JS, History, 1838–1856, vol. F-1, created 9 Apr.–7 June 1856 and 20 Aug. 1856–6 Nov. 1856; handwriting of and Jonathan Grimshaw; 304 pages, plus 10 pages of addenda; CHL. This is the final volume of a six-volume manuscript history of the church. This sixth volume covers the period from 1 May to 8 Aug. 1844; the remaining five volumes, labeled A-1 through E-1, go through 30 Apr. 1844.
History, 1838-1856, volume F-1, constitutes the last of six volumes documenting the life of Joseph Smith and the early years of the Church of Jesus Christ of Latter-day Saints. The series is also known as the Manuscript History of the Church and was originally published serially from 1842 to 1846 and 1851 to 1858 as the “History of Joseph Smith” in the Times and Seasons and Deseret News. This volume contains JS’s history from 1 May 1844 to the events following his 27 June 1844 death, and it was compiled in Utah Territory in 1856.
The material recorded in volume F-1 was initially compiled under the direction of church historian , who was JS’s cousin, and also assistant church historian . Smith collaborated with in collecting material for the volume and creating a set of draft notes, which Smith dictated to Bullock and other clerks. Woodruff gathered additional material concerning the death of Joseph Smith as a supplement to George A. Smith’s work recording that event. Jonathan Grimshaw and , members of the Historian’s Office staff, transcribed the draft notes into the volume along with the text of designated documents.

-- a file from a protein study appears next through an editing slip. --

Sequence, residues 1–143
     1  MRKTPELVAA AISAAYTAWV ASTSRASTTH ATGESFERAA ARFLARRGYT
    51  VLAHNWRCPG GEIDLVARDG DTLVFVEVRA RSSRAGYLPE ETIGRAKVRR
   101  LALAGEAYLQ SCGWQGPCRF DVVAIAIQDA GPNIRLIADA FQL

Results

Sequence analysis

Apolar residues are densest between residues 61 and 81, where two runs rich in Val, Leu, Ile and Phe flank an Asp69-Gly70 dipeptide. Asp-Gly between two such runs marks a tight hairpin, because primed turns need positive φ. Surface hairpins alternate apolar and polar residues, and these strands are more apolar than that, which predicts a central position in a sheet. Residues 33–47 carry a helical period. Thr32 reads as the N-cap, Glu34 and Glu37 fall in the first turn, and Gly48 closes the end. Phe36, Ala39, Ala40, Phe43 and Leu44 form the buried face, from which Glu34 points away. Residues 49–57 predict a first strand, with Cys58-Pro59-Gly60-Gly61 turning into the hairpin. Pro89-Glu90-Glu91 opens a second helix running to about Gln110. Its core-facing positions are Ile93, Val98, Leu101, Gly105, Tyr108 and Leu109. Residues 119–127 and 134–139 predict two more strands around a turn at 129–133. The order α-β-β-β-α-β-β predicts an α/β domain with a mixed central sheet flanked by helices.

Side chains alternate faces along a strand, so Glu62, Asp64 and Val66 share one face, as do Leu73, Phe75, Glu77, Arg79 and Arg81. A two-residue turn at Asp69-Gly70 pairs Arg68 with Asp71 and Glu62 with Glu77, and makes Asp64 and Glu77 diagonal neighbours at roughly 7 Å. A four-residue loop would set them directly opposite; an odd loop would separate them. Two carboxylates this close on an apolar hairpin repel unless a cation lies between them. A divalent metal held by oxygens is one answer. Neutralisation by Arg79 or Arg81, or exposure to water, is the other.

According to the Historian’s Office journal, Jonathan Grimshaw initiated work on the text of volume F-1 on 9 April 1856, soon after Robert L. Campbell had completed work on volume E-1. (Historian’s Office, Journal, 5 and 9 Apr. 1856.) Grimshaw’s scribal work begins with an entry for 1 May 1844. Unlike previous volumes in which the numbering had run consecutively to page 2028, Grimshaw began anew with page 1. He transcribed 150 pages by June 1856, and his last entry was for 23 June 1844. Though more of his writing does not appear in the volume, he continued to work in the office until 2 August, before leaving for the East that same month. (Historian’s Office, Journal, 2 and 10 Aug. 1856.)